If you have a treadmill at home, I’d put money on it you have clothes hanging on it. Treadmills are found at virtually any gym or fitness center.
You need to keep the intensity high for treadmills to be worth it — if you walk faster to the fridge to grab a snack than you do on the treadmill, you’re doing it wrong.
Try increasing the incline, increasing the speed, and utilize the high-intensity programs on the machine.
These step mills and stair climbers are a fat person’s worst nightmare. But they can burn a lot of calories. I wrote an article on Tiger Fitness called “4 Things I’ve Learned from Losing 120 Pounds Twice” and I used the stair climber a bunch.
I usually went overboard — spending 60+ minutes on it and burning over 1,200 calories a session. Climbing stairs uses large muscle groups in your legs, which require a lot of calories.
If you’re looking for a low-impact exercise, a stationary bike works well. The problem is you do not move as much as you do on a treadmill or stair climber.
Spin classes have become popular and it’s a great way to find a workout partner. Indoor cycling allows you to control your pace and difficulty level, without having to deal with that pesky weather.
To get the most out of a stationary bike workout, you must perform high-intensity intervals. This is going to increase your post-oxygen consumption which means your body will burn calories well after you complete the workout.
Last but not least is the elliptical machine. It’s a favorite to many gym-goers because of its low impact and full-body movement. The downside is you should perform HIIT workouts to get the most out of your workout on this machine.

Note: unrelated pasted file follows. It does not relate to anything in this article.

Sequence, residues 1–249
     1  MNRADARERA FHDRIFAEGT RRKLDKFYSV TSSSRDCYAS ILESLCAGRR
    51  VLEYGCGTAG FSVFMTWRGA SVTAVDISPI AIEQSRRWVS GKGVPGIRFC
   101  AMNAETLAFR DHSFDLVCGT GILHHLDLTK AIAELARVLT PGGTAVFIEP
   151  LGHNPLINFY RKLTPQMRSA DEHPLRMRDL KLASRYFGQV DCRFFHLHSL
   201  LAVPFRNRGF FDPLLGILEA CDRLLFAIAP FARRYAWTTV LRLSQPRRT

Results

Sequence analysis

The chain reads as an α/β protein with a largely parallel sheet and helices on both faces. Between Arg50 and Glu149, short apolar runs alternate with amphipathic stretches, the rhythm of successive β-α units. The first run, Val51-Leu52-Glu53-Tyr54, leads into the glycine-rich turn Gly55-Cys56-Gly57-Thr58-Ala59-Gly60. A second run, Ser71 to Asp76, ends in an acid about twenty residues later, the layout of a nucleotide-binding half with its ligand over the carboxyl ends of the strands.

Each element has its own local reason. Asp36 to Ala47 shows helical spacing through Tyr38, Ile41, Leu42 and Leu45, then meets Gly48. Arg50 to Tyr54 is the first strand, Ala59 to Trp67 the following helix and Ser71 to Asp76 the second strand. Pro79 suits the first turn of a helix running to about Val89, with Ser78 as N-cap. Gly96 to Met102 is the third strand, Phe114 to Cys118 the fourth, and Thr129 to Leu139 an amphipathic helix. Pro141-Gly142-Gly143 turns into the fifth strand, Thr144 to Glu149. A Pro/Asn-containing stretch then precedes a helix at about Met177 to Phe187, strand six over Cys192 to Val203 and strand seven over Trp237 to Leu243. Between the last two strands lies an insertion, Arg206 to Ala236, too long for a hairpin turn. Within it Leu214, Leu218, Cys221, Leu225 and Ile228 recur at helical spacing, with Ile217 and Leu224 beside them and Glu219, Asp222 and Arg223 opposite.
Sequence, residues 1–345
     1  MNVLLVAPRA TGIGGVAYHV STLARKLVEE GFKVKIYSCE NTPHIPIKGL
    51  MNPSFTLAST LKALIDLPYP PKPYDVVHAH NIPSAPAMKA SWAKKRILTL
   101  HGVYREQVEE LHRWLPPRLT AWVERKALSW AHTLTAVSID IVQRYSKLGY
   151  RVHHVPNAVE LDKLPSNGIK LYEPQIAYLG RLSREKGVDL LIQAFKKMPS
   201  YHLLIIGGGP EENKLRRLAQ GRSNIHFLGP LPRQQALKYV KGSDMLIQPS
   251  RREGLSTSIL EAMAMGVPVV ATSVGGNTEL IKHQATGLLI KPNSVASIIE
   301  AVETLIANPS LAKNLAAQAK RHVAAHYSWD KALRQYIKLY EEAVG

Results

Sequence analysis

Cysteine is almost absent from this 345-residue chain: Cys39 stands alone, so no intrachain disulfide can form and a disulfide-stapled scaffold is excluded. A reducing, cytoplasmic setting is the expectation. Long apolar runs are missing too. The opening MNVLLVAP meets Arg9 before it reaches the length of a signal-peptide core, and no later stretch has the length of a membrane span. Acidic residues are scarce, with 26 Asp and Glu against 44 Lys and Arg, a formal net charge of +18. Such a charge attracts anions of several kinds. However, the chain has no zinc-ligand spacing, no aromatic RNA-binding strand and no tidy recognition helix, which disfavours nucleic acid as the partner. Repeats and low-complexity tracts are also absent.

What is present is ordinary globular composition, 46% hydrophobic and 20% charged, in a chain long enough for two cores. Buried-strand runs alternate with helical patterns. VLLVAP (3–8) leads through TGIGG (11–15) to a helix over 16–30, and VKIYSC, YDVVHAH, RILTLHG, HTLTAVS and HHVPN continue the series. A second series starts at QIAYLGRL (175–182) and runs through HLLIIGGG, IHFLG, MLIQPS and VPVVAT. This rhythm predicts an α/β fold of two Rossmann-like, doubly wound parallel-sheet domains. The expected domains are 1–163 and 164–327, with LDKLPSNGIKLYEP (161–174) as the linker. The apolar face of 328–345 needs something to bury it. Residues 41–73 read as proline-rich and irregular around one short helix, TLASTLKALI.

If you can perform the exercise and carry on a conversation normally, you aren’t pushing yourself hard enough.
How Much Cardio Should I Perform to Lose my Belly Fat?
How much cardio you need to perform to lose belly fat depends on more than just the amount of time you spend on a machine. What and how much you eat, your lifestyle, and how much belly fat you need to lose all should be accounted for.
I invite you to lift weights along with performing cardio to improve your fat loss. If you have a lot of weight to lose, you can expect to lose belly fat relatively quickly.
If you’re thinner and looking to “tighten up,” it’s going to take a bit more willpower and consistency to lose the belly fat. No, you cannot “localize” your fat loss — you’ll lose weight in your face and upper body quicker than you will in your lower belly and fupa.
Consistency is key, so strive to perform at least 150 minutes a week performing moderately rigorous activities, lift some weights, and make better nutrition choices.
Benefits of Cardio for Muscle Building
Did you know improving your conditioning and performing cardio exercises can help build muscle? There are a few benefits to adding cardio to your muscle-building routine.